For condoms to be effective, you must remember to keep them handy, watch their expiry dates and put them on and take them off properly! Obviously, in the heat of the moment, it’s difficult to think with your head—well, the one above your waist at least. But in order to get the most “bang for your buck”, you should abide by a few simple guidelines:

Yes, keeping one in your wallet is very responsible of you, but it’s not really advisable to store condoms in warm places or under pressure, so keep them in your bedside drawer instead, or in a cool, dry place well out of direct sunlight.

Looking good
Always check the expiry date on your condom and don’t rip the packet open with your teeth! Most rips occur when you shred the condom’s packaging so before you tear in to it, make sure the package is sealed tight—you can test this by squeezing and checking for a pocket of air.

Only ever use water-based lubricants with latex condoms. Oil-based lubricants, including petroleum jelly, massage oils and body lotions, will break down the composition of your condom and allow the transference of STIs and HIV. It’s a good idea to lube up your penis before you put the condom on too...It will make the sucker last longer and it will also make for a more enjoyable ride. Use lubricant inside the condom to make it feel better and provide maximum sensation for him; use a little more on the outside to reduce the risk of it tearing and to make it more exciting for her.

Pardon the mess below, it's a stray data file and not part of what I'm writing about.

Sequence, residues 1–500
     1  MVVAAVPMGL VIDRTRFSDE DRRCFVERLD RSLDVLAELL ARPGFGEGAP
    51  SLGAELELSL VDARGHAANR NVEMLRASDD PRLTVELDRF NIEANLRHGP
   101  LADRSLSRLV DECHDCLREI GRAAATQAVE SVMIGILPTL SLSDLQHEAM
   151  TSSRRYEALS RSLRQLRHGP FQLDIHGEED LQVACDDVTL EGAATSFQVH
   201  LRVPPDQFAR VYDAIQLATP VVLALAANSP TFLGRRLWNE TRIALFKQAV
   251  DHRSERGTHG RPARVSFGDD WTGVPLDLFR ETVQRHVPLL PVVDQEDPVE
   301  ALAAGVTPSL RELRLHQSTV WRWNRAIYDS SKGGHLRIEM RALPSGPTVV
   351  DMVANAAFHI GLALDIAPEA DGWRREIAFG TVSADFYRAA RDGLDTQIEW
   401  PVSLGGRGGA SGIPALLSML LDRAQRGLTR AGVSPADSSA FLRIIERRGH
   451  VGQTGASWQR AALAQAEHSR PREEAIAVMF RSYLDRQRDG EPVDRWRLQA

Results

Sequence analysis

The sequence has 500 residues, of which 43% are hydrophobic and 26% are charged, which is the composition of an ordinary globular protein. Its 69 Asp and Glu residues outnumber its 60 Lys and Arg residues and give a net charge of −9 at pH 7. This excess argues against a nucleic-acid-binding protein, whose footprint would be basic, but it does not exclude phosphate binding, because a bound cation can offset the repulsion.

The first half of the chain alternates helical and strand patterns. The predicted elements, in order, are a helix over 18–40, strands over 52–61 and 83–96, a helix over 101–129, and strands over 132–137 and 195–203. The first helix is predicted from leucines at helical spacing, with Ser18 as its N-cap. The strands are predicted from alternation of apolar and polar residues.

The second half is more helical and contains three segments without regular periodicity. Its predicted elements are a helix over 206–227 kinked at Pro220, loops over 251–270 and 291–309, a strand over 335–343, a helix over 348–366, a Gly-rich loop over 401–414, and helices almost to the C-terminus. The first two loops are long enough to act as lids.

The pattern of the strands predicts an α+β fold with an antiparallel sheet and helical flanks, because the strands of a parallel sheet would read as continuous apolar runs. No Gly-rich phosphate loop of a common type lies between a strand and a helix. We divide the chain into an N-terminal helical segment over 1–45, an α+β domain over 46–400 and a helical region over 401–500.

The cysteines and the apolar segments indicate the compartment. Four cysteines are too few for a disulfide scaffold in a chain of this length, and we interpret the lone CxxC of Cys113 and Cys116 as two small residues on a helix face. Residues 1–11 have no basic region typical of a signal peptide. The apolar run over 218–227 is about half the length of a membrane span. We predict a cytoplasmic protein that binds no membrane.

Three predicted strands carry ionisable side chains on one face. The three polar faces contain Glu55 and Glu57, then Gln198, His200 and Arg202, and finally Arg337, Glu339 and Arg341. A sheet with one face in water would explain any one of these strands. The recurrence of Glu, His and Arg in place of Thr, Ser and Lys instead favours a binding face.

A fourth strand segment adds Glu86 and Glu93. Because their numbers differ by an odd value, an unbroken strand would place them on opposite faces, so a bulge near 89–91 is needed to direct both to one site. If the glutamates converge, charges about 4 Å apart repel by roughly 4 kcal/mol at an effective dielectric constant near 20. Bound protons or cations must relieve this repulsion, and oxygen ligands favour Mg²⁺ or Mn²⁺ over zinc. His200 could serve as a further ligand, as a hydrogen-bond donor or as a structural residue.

The right fit
If you lose your erection when you pull on a condom, it could be because it’s too tight or too big. The first deadens sensation, while the second reduces friction. Experiment with different sizes and types, but remember while there are condoms so thin you can’t even feel them, the whole point of wearing one is for protection.

You should always use a condom when you’re involved in a sexual encounter because semen can pass to your partner even before you fully ejaculate. Put your love glove on as soon as you’re hard and well before there’s any sex play. Pre-ejaculatory fluid can also carry HIV and other STIs.

Slide it on
Before you unroll it, check that your condom’s not inside out. It should look like a mini sombrero with the reservoir tip pointing up. Pinch the tip as you roll the condom ring down your shaft, making sure there aren’t any air bubbles that could cause breakage later on. And if you happen to be uncircumcised, pull the loose skin away from the head of your penis before you pull on your condom.